Best Sauvignon Blanc: Viña Haras de Pirque, Albaclara Sauvignon Blanc 2017
Best Other White: Viña Casas del Bosque, Gran Reserva Late Harvest Riesling 2015
Best Chardonnay: Luis Felipe Edwards, Marea Valle de Leyda Chardonnay 2016
Best Pinot Noir: San Pedro, 1865 Selected Vineyard Pinot Noir 2016
Best Syrah; Best in Show: Viña Casas Del Bosque, Gran Reserva Syrah 2015
Best Carignan/Secano: Luis Felipe Edwards, LFE100 CIEN Carignan 2012
Best Carménère $25 and over: San José de Apalta, Carménère Blue Label 2015
Best Other Red: Viña Valdivieso, Single Vineyard Cabernet Franc 2013
Best Red Blend: Viña Cousiño Macul, Lota 2011
Best Cabernet Sauvignon under $20: Viña Requingua, Puerto Viejo Reserve Cabernet Sauvignon 2016
Best Cabernet Sauvignon $20-$50: Viña Maipo, Protegido Cabernet Sauvignon 2014
Best Cabernet Sauvignon over $50; Best in Show: SANTA EMA, Catalina 2014
Wines of Chile is an organization committed to promoting the quality and image of Chilean wine throughout the world. It has offices in Santiago, London and New York, as well as representatives in Canada, Ireland and Denmark. Wines of Chile also works closely with ProChile to develop and offer promotional and educational programs in Asia, Latin America and Europe. Wines of Chile’s 86 member wineries belong to Vinos de Chile and represent 88 percent of Chile’s bottled wine exports. More information is available at www.winesofchile.org.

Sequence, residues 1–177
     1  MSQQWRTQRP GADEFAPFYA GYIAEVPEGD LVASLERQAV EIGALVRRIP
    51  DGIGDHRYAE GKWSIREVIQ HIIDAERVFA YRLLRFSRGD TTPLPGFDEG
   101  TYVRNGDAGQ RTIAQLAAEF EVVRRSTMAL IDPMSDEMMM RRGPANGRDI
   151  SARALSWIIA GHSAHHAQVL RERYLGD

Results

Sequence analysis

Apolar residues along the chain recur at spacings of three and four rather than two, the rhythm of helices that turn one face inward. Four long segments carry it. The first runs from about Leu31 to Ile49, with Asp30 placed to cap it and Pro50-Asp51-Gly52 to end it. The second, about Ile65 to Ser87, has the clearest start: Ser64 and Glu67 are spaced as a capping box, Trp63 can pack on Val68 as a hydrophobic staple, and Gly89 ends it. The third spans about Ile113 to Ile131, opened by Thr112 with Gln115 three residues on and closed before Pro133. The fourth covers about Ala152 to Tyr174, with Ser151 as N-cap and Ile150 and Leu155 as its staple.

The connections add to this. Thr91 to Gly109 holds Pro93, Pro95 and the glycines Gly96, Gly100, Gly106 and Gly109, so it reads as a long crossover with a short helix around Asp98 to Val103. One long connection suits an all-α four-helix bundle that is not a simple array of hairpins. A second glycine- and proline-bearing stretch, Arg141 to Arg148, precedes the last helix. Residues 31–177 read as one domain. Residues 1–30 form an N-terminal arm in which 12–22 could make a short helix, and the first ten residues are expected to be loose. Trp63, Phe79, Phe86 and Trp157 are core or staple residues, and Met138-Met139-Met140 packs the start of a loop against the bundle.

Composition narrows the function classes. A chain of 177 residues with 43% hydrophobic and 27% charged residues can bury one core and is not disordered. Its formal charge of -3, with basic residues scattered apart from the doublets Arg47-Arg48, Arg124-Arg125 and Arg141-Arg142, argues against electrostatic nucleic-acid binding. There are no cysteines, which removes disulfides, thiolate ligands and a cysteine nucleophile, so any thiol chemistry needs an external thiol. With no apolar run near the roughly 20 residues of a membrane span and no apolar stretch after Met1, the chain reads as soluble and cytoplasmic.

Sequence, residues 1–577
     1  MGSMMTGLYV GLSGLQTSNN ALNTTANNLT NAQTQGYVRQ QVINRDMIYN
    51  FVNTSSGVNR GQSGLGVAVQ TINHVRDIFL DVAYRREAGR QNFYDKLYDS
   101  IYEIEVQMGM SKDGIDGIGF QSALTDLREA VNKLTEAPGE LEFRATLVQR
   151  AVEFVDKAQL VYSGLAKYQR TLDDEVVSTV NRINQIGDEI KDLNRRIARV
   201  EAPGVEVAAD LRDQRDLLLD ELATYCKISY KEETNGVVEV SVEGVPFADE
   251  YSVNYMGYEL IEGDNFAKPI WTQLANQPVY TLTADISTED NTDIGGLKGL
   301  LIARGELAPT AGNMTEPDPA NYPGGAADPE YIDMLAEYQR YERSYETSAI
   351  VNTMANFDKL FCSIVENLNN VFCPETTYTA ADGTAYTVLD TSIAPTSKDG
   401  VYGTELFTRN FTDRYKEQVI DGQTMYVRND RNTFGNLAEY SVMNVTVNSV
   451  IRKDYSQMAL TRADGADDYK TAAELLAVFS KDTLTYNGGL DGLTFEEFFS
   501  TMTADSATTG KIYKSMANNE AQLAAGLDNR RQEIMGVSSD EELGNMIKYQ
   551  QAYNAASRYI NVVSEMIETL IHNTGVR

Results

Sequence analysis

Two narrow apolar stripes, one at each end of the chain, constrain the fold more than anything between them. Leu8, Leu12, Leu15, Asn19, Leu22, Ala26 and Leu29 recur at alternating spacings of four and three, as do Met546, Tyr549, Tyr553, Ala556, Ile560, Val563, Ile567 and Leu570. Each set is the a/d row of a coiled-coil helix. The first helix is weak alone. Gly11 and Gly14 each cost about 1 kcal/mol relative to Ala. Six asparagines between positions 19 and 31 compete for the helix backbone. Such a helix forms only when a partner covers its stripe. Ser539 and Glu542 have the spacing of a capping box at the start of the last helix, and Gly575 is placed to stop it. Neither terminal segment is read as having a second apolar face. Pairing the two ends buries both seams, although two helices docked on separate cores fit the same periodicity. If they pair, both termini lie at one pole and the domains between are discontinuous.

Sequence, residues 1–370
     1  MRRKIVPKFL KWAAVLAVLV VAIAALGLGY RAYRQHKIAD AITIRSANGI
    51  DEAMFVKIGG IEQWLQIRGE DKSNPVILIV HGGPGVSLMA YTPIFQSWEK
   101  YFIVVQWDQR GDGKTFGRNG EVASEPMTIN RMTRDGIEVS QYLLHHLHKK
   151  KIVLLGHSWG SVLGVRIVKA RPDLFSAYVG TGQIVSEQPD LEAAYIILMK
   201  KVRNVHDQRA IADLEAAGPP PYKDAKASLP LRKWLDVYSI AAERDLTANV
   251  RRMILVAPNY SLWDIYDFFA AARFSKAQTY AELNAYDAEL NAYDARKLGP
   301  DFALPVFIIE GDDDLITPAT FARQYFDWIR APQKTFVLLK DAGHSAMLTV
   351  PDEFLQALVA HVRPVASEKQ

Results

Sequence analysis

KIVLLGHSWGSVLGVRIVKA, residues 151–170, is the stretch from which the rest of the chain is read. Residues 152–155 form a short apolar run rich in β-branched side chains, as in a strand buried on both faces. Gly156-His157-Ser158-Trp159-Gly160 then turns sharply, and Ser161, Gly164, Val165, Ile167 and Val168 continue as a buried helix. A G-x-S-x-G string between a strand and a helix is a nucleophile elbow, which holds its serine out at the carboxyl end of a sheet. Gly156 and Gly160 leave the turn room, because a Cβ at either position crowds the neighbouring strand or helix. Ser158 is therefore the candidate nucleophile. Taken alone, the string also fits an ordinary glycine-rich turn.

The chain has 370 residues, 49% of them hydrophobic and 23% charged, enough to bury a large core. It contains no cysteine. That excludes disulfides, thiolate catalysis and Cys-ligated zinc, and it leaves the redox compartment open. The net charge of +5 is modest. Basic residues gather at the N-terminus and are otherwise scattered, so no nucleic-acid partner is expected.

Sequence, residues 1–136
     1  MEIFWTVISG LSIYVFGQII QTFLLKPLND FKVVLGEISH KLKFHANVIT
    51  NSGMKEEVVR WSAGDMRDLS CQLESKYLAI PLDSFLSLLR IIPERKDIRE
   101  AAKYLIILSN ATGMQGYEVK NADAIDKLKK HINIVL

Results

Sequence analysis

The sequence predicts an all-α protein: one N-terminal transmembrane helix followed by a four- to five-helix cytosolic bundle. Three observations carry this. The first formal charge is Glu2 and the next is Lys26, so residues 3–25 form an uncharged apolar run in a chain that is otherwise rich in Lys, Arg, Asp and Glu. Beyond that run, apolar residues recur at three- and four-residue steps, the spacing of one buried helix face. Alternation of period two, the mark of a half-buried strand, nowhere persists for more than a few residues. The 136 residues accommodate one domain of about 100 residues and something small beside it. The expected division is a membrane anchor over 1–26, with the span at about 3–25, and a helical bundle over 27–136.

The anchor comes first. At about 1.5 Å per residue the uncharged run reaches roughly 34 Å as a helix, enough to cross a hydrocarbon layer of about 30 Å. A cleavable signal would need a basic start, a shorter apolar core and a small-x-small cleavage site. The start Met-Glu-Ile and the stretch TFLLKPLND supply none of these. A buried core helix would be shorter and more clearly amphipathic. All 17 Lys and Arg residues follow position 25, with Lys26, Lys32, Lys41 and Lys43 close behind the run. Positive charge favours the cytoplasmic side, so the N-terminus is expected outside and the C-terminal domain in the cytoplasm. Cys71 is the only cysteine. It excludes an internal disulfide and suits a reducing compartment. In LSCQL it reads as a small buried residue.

Invited recently to experience Carnivale, we walked into the large venue at 702 W. Fulton St. in Chicago’s trendy and bustling West Loop. Immediately colorful lights inspired our vision and energetic Latin-fusion music warmed up our party parts. We got the definite feeling we were going to have a good time – and the goal of their staff members seems to be just that: do everything they can to make sure a good time is what you have.
What’s a party without music and live entertainment? At Carnivale scantily clad acrobatic artists perform at strategic locations around the dining area, including a long-blonde-haired mermaid waving her tail while suspended in a net above the tables and painted hard-body entertainers executing feats of skill or gyrating to the music.
The food and wine and cocktails are carefully curated. Our knowledgeable server, Jorge, who is also the restaurant’s sommelier, offered expert guidance in choosing dishes from the dinner menu and beverages that perfectly complemented them.
A new addition to Carnivale’s offerings is its extensive raw bar. Jorge recommended the raw-bar-for-two ($50) – a delightful collection of seafood goodies including poached shrimp, crab claw and half-lobster tail – cooked just right and served with several interesting sauce options in addition to fresh lemon. This dish – possibly one of the best values on the menu – was served dramatically in what looked like a professional toolbox that you open from the middle, the long way, to stepped sides. Nestled in the ice on the bottom were three dishes of Carnivale’s delicious and unique ceviches – generous for two to split. Hard to decide which we liked the best: shrimp, blue crab, or mixto (shrimp, calamari, octopus and a delicious combination of slightly exotic touches like preserved lemon, sweet potato, cilantro and more).